Your child may find it easier to interpret maths when it’s put into a context they can relate to. For example, if your child is a football fan. You can test their knowledge by using the stats that are presented throughout the game. If Manchester United had 65% of the possession in the first half, how much possession did their opponents have?
You could also bring them along on the weekly shop and assign them a budget for school lunches or dinners. Work with them to check prices and add up the cost to make sure they don’t go over the budget. The added incentive of buying products they want, and trying to maximise what they can get, will encourage them to think about math in a more engaging way and will help to build their competency with numbers.
Get Involved in Their Homework & Revision
Sitting with your child as they go through their maths homework will give you a better idea of what causes their anxiety. Find out where their strengths and weaknesses are, and use that information to build out more effective revision strategies.
To assist your child, StudyPug has 1000s of tutorials delivered via easy to follow videos that can be paused, rewound, and fast-forwarded, meaning they’ll never get left behind. It’s a great tool for students to learn at their own pace and StudyPug is a great source for practice materials too. The content in the videos cover all aspects of the Edexcel (Pearson), AQA, OCR, and WJEC curriculums and includes questions that are most likely to appear on math exams.
Sitting with them and spending an hour or two a day on the website can dramatically improve their performance in class and in exams. You can also utilize StudyPug’s content to research upcoming topics or review what your child is studying, so that you can provide more informed and more effective support during their homework sessions and revision.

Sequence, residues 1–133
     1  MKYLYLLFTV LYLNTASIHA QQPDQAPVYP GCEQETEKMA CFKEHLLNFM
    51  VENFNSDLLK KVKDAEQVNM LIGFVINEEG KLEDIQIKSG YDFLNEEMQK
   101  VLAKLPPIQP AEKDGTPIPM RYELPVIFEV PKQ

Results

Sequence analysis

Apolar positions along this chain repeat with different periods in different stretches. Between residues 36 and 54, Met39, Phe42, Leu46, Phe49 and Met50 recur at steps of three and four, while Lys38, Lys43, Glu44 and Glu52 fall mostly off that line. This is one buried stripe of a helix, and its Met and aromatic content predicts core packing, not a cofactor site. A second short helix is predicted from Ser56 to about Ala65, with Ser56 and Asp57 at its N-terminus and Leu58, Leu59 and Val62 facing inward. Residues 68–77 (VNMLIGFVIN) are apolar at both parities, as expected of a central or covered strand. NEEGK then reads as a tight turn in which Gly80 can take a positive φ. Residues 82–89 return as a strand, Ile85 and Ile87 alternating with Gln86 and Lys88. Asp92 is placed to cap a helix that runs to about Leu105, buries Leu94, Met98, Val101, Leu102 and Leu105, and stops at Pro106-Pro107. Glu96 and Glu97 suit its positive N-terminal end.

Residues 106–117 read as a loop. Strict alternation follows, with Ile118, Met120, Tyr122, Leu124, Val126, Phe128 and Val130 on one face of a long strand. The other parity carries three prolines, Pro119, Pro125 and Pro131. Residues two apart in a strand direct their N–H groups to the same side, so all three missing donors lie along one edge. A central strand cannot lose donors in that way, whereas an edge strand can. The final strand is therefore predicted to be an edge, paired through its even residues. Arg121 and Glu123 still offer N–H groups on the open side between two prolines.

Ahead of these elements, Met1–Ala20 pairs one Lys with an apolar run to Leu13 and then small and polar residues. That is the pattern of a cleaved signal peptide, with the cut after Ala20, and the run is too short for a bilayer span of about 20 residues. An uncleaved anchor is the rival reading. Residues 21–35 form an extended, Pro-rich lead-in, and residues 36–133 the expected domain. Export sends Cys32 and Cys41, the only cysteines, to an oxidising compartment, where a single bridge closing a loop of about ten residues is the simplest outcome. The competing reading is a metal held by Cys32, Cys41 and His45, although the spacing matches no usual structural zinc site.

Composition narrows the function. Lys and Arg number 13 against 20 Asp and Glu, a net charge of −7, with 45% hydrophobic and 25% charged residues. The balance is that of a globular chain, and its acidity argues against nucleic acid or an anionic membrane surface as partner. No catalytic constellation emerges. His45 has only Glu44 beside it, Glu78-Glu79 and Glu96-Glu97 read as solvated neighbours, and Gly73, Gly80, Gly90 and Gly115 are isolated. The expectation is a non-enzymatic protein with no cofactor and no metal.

Many students and parents who use StudyPug, prefer the video format over the traditional textbook based revision methods. This is because the video content manages to convey the same information as the books, but in a much more conversational way that’s easier to follow and understand.
Prepare Your Own Tests
A good way to make your child feel more comfortable and confident with maths is to introduce pop quizzes at home. These can consist of a few questions that test their knowledge and will reinforce their understanding, helping them to retain the information. To encourage them to participate, you could introduce rewards like choosing dessert or having extra time on the games console/mobile phone.
You may also like to use practice papers to sit informal mock exams. Whilst they are informal, you should try to adopt some exam conditions (no phones, no distractions). Try to stick to the time limit and have them answer as many questions as possible. Once they have finished the test, mark the paper for them. Once returned, review their scores together and highlight their strong and weak areas.
The results from the mock exams can be used to inform their revision content and your future pop quizzes. As they progress and sit more mock exams, you’ll hopefully both start to see improvements in their scores and in turn, a boost in their confidence ahead of their actual exams.
These are just a few short tips on how to reduce maths anxiety. Remind them that no matter what happens, you’ll be there to support them. Take the time to sit with them during their homework sessions, and introduce your own tests to further build their confidence.